• Names to Run Away from Really Fast: Alien Terrorist.
  • Narrator: Tetsuro Sagawa AKA Captain Ryu except Akira Nagoya AKA Captain Asahina for Episodes 50-52
  • New Powers as the Plot Demands: Blowing-himself-up-and-regenerating, Ultra-Brother-Merging, Healing (both Taro and his mother have this ability), Ultra Seven and Zoffy's merging with humans, and other one-shot powers.
  • Noble Bird of Prey: Birdon, who sidelined two Ultramen.
  • One-Woman Wail: Taro and Ultra Mother (and by association The Land of Light) each had a Leitmotif like this. Also, some episode endings.
  • Papa Wolf: King Tortoise, just as protective of his offspring as his mate, to the chagrin of well-meaning ZAT and Tarou.
  • Pyrrhic Victory: A minor case in episode 10. Kotaro won his boxing match, but is left completely tired and famished before he could regroup with ZAT and deal with Depparas. Luckily, Kenichi and Saori brought enough food for Kotaro to fill his stomach before transforming into Taro.
  • Scare Chord: A loud, blaring horn section played whenever a kaijuu starts its rampage or when thing became dire.
  • Sir Not-Appearing-in-This-Trailer: An opening credits example with Taro. Just the ZAT base and the mechas appear.
  • Soundtrack Dissonance: The cliffhanger music sounds too upbeat for some of the predicaments Tarou encountered. Case in point: Episodes 17 and 18, two of a three-part episode featuring Birdon, have DownerEndings, but the ending music sounds triumphant and cheerful instead.
  • Swallowed Whole: Kohtaro and a pooch, compliments of Live King.
  • Swamp Monster: There's one swamp constantly covered in Mysterious Mist, which turns out to be inhabited by a toad-like monster called Tondaile who uses its Overly-Long Tongue to ensnare and capture humans for food.
  • Title Scream: A variation; see the top of the page.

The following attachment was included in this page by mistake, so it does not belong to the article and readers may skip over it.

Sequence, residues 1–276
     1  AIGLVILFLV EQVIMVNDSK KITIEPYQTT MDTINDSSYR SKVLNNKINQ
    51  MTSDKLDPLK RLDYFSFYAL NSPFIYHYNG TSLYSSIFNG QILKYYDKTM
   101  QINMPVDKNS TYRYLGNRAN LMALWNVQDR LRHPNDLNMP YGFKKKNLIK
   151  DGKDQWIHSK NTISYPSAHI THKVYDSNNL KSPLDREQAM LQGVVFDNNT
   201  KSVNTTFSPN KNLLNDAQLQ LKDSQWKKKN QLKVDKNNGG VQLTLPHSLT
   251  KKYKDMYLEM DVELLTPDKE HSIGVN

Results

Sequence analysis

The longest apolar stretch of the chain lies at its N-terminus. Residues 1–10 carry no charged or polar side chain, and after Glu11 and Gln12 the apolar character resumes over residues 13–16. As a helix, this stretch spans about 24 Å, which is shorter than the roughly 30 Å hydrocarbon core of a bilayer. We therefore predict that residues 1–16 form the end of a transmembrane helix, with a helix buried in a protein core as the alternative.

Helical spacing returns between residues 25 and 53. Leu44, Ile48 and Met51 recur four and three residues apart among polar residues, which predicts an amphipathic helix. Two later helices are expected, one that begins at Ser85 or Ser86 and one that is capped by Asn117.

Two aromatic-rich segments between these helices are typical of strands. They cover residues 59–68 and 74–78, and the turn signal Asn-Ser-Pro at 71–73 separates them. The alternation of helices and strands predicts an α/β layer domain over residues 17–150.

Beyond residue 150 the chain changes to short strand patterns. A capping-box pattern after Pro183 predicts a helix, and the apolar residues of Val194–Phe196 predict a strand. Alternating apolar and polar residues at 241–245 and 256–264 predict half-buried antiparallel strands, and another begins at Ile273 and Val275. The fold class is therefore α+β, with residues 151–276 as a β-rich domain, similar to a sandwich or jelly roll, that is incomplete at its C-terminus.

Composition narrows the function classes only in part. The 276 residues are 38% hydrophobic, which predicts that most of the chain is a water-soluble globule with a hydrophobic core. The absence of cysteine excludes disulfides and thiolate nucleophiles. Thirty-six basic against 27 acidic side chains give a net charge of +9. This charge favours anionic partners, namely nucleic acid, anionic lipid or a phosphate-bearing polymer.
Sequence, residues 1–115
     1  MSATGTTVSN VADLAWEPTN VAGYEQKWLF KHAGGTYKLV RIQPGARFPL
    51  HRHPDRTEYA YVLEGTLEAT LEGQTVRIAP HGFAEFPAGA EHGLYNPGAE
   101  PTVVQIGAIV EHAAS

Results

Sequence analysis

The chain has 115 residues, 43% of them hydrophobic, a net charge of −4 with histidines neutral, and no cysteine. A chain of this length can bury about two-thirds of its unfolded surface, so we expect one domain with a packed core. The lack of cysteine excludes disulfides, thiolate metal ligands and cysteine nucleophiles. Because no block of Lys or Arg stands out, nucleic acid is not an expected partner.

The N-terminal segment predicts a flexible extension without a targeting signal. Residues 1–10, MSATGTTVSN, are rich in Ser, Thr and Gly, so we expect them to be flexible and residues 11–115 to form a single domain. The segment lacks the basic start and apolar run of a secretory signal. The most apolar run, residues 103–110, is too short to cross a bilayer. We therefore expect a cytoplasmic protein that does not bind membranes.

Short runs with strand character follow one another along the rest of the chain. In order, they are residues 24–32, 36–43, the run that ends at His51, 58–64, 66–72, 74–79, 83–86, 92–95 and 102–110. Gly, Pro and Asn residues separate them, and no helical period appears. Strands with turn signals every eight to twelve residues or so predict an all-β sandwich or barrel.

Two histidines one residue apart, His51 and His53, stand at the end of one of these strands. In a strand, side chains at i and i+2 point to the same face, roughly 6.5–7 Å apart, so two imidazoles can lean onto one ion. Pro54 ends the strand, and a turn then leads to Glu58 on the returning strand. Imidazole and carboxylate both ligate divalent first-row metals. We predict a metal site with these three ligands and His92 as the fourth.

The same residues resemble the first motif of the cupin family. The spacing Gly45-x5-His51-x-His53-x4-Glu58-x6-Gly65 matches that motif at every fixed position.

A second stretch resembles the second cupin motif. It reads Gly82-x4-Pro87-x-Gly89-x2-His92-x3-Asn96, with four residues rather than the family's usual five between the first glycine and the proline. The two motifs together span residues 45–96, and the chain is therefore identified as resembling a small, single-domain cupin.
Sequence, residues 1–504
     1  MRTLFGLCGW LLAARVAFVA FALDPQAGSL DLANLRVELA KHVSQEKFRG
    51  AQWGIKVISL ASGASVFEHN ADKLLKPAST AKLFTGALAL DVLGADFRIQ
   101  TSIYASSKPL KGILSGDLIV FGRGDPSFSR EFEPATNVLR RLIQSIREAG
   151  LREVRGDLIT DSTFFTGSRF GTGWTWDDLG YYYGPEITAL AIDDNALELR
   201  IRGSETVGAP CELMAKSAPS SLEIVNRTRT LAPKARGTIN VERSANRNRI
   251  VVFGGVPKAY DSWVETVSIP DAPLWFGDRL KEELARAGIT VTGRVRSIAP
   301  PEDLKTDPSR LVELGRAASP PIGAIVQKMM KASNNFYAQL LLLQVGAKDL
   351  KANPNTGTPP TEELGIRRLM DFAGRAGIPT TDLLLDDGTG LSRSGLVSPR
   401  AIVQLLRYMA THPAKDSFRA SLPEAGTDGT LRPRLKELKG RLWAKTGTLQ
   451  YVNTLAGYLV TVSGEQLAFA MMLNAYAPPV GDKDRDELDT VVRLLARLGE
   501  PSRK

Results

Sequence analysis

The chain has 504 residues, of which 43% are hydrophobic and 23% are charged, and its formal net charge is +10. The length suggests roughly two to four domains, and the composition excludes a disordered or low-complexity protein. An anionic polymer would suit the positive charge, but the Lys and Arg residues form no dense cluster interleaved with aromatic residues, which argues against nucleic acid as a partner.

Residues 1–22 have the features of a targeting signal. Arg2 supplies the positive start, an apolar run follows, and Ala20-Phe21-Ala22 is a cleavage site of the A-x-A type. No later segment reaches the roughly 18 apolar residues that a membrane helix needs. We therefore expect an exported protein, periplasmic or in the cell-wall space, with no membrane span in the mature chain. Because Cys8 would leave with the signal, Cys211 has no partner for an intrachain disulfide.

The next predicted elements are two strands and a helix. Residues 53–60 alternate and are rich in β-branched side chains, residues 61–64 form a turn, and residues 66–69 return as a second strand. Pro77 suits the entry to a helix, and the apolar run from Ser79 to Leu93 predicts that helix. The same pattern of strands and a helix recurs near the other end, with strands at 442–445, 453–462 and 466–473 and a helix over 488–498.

• Title Sequence: Live action mecha and the ZAT base, only the title logo is animated, breaking with tradition.
  • Tornado Move: Tarou defeats Rodera by spinning into a tornado, where Rodera is trapped and spun upwards until exploding.
  • Transformation Sequence: One of the more polished ones in the Showa era.
  • Transformation Trinket: The Ultra Badge, worn on Higashi's shoulder. When it shines, it's time to fight kaijuu.
  • Unconventional Food Usage: In episode 2 ("This Time It's Ultra Mother"), Kohtaro Higashi (Taro's human host) ends up getting Swallowed Whole by the kaiju Live King, and is unable to transform due to being trapped with a child and a puppy inside Live King's stomach. The ZAT managed to bail Higashi out by having their jets spray copious amounts of pepper (the episode itself said two tonnes?) on Live King's face, causing the monster to sneeze Higashi, the child and puppy out. It works.
  • Walk the Earth: He turns in his badge, kills an alien, and walks away...
  • Woobie, Destroyer of Worlds: Piccolo, a Pinocchio-esque alien prince, who grew huge and went on a rampage because a group of unseen humans poisoned his new human friend's pet rabbit that he had decided to help look after.
  • The Worf Effect: The first 5 Ultramen were easily defeated by Tyrant, despite being incredibly powerful in their own rights, only to lose fairly easily to Taro. Played with, however, as some sources say that Tyrant lost to Taro so easily because he had exhausted himself fighting the other five, and each did manage to land successful hits on him (some from their Finishing Move attacks) even if they failed to stop him. This is also the route taken by the Ultraman Fighting Revolution 3 adaptation of the episode, as Tyrant keeps the damage each Brother inflicted on him between rounds and thus can indeed be heavily worn down by the time Taro fights him.
  • Worf Had the Flu: While fighting Tyrant, many of the Ultra Brothers get badly hurt while trying to send an Ultra Sign to the next Ultra when Tyrant blindsides him. Also, Ultra Seven fought him on a clearly cold Uranus, his known weakness. Also applies to Tyrant, as several sources state the Ultra Brothers wore him down by the time he arrived on Earth and unlike the other Brothers, Ace managed to successfully warn Taro of what was coming before Tyrant arrived.
  • You Are Number 6: The title song even says so.


Video Example(s):


Ultra Bucket

What do you do when you've got a drunken Kaiju by the name of Veron getting up to mischief? Taro has the answer, thanks to his King Bracelet being able to transform into a handy bucket (water included!) to sober Veron up, in one example of a new power for the bracelet being brought in because the plot required it.

How well does it match the trope?

5 (3 votes)

Example of:

Main / WaterWakeup

Media sources: